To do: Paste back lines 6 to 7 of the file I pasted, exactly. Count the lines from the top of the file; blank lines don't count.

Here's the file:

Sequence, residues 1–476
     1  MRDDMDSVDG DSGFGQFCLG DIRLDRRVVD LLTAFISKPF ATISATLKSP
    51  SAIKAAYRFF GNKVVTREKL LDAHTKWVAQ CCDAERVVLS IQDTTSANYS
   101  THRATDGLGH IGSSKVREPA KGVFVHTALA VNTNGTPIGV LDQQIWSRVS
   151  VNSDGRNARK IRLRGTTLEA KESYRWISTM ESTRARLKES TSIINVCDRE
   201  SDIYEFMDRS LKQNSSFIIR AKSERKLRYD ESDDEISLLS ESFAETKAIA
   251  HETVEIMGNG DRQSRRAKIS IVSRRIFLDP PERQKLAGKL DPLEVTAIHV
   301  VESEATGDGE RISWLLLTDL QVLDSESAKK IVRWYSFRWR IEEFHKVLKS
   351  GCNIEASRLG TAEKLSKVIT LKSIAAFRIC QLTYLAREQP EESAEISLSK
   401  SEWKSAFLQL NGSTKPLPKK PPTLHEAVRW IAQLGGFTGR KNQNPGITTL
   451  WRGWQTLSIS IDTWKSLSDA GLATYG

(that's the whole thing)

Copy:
   201  SDIYEFMDRS LKQNSSFIIR AKSERKLRYD ESDDEISLLS ESFAETKAIA
   251  HETVEIMGNG DRQSRRAKIS IVSRRIFLDP PERQKLAGKL DPLEVTAIHV